Reading Festival 2018: Interview with Mike Shinoda for NME

Mike shares his memories of playing Reading Festival and talks about the differences when playing as a solo artist

📅 August 2018


📖 5 min read

NME: Hello, you are watching NME. We are here with Mike Shinoda at Reading Festival, who’s about to play a show on the main stage. How you doing, Mike?

Mike: I’m doing well, thank you. 

NME: Excellent. Is this the first time you’ve been here since 2003, or have you popped in since?

Mike: I thought that I had been here since then, but the Internets didn’t have record of it, so… [smiles]

NME: What does Reading Festival mean to you? 

Mike: Well, I always think of the first time we came to Europe, and we were playing these little club shows back in... gosh, it was probably like 2001, and the fans kept asking, “Mike, Chester, will you be playing Reading and Leeds?!” and we were like, “We don’t have a song called Reading and Leeds, what is that?” And then finally, within 24-48 hours, somebody informed us that it was this big festival. And, you know, festivals to us were a one day affair. We didn’t have weekend long festivals in the States at the time, so it was an experience, for sure.

NME: I mean, within two years of that you were headlining the thing.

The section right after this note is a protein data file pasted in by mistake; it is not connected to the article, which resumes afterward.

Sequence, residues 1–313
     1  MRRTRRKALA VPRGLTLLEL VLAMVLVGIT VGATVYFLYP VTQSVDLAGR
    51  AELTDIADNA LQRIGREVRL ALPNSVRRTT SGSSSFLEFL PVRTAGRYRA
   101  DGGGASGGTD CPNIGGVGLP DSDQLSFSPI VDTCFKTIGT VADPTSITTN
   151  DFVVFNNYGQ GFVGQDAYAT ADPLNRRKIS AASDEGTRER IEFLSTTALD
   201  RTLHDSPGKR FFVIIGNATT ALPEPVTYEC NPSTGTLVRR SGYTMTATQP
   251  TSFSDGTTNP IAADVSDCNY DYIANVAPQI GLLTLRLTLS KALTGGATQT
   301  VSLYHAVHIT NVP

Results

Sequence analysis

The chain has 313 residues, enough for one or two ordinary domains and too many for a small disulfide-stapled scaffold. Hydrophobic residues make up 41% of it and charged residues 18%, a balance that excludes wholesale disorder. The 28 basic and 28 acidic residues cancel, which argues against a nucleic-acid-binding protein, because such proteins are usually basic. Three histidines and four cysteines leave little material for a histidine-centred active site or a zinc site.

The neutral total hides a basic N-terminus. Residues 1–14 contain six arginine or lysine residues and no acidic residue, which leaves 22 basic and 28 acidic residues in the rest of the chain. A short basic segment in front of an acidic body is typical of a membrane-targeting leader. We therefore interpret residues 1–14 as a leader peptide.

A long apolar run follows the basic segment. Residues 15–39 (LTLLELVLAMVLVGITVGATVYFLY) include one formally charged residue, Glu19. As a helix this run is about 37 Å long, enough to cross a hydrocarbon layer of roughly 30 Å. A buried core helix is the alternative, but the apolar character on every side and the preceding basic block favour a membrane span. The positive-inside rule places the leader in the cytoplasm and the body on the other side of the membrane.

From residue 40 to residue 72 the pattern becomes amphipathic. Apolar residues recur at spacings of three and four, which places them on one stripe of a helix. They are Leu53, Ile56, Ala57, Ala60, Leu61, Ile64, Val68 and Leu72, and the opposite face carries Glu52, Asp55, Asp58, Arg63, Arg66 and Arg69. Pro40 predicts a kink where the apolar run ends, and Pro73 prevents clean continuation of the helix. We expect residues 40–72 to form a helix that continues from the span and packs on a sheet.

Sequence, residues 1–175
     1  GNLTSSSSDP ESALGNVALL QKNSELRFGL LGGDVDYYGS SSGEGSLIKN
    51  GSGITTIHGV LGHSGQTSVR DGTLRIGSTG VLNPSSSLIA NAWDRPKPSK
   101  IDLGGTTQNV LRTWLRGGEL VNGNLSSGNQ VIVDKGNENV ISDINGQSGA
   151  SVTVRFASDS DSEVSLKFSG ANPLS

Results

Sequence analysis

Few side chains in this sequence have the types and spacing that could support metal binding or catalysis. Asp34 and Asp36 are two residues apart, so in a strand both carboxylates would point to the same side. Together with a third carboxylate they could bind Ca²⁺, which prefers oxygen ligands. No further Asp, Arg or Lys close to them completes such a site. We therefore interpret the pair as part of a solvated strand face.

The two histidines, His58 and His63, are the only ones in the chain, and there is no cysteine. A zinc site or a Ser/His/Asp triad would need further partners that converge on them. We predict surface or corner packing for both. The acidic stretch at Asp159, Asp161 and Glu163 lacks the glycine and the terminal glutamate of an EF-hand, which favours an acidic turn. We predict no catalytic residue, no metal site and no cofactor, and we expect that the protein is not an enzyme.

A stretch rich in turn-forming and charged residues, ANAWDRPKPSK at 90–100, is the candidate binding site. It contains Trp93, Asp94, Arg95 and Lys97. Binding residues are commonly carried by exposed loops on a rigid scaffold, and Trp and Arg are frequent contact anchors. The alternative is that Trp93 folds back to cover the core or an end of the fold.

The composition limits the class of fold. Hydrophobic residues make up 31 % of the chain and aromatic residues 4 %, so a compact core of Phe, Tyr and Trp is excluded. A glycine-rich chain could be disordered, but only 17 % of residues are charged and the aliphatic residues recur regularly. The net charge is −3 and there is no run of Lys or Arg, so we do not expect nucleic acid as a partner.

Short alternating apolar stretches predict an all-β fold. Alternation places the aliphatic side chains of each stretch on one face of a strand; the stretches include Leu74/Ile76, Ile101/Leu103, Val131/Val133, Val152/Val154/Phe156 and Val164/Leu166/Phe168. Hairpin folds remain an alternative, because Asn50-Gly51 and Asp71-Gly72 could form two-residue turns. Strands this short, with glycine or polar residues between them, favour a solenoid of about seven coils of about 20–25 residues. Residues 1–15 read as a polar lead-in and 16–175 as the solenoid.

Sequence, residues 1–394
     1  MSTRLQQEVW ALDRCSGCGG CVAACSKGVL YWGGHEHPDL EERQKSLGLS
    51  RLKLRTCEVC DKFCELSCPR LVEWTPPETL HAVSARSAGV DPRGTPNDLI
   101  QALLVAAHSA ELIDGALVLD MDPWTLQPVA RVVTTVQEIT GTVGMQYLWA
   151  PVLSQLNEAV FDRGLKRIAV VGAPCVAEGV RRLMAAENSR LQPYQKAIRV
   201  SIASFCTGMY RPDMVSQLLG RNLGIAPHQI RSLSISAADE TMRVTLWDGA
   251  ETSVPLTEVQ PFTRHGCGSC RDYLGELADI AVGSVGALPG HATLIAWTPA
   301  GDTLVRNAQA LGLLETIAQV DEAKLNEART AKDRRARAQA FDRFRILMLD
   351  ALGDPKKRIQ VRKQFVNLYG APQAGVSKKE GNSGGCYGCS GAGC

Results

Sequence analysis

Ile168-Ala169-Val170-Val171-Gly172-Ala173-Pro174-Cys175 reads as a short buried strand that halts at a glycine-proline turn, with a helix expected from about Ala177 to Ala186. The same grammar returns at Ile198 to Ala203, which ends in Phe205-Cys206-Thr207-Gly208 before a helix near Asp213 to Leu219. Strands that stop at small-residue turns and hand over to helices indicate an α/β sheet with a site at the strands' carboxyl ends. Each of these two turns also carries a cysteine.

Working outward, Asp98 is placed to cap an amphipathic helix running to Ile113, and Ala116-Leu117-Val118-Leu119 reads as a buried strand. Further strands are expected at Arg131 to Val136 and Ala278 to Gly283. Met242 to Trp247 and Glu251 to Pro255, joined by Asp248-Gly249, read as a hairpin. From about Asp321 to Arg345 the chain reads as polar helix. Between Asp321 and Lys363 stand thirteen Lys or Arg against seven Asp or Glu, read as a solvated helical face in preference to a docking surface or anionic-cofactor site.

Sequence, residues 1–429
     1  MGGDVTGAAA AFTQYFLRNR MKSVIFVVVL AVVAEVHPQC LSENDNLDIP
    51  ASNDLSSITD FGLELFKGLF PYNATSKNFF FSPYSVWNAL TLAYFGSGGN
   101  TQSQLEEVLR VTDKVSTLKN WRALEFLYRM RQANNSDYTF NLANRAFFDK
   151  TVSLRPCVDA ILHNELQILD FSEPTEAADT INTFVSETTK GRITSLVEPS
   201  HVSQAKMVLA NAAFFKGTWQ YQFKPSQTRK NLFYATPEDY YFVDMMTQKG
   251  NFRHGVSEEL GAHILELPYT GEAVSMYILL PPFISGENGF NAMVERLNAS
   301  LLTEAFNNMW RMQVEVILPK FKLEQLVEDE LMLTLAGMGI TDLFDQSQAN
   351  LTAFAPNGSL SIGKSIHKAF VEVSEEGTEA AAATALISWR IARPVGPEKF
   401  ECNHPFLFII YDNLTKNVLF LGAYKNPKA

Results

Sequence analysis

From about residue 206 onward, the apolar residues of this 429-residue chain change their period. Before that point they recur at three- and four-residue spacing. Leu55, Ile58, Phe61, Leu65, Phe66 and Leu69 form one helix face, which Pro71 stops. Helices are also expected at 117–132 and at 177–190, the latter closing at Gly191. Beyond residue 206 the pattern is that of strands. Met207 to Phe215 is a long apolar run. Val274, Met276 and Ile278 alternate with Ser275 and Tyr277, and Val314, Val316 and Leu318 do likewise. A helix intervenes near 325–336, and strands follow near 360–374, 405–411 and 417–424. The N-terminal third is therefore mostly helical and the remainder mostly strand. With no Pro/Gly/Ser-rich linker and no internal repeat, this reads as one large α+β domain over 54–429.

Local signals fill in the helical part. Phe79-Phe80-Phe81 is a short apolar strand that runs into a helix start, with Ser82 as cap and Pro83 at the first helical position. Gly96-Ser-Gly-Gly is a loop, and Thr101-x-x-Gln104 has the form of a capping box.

Mike: Yeah, I think so.

NME: Any memories of 2003?

Mike: Back then my approach for a show was very much rooted and it came from playing really rowdy club shows, so it was just like super aggressive and screaming the whole time. It’s much different now, but… You know, with my solo set I try to approach it like, “what would I want to hear if I was the one in the crowd?” and I try to play different things - I play Linkin Park stuff, Fort Minor stuff and, of course, the new solo stuff.

NME: And what can we expect from the show? Is it just you solo, full band or?

Mike: It used to be. For the first couple of months after I released the record, I did shows completely by myself and it was a really stripped down, personal kind of thing. And there were a couple of reasons why I did that. Number one: because the music is so personal. And number two: because I wanted to see what I needed on stage, and just build it from nothing up, as opposed to just assuming, “well, I should do it this way” and putting a bunch of people on stage or whatever. And as it turns out I did a bunch of shows that way. And I just finished two weeks in Asia with a drummer and a kind of multi-instrumentalist and that feels great to me. I’m really happy with presentation right now.

NME: Is it kind of odd, obviously to be out on the road without the band?

Mike: It can be. At this point I’m really wearing a nice rhythm and it feels good. And I keep in touch with the guys. We’ve been kind of texting and emailing back and forth. No plans, but… In fact, that thing I said about the fans saying, “Will you be playing Reading and Leeds?” Joe Hahn texted me this morning, I woke up and looked at my phone and he had texted, “Will you be playing Reading and Leeds?!” [laughs]

NME: [laughs] Amazing! Was it kind of tough to step up?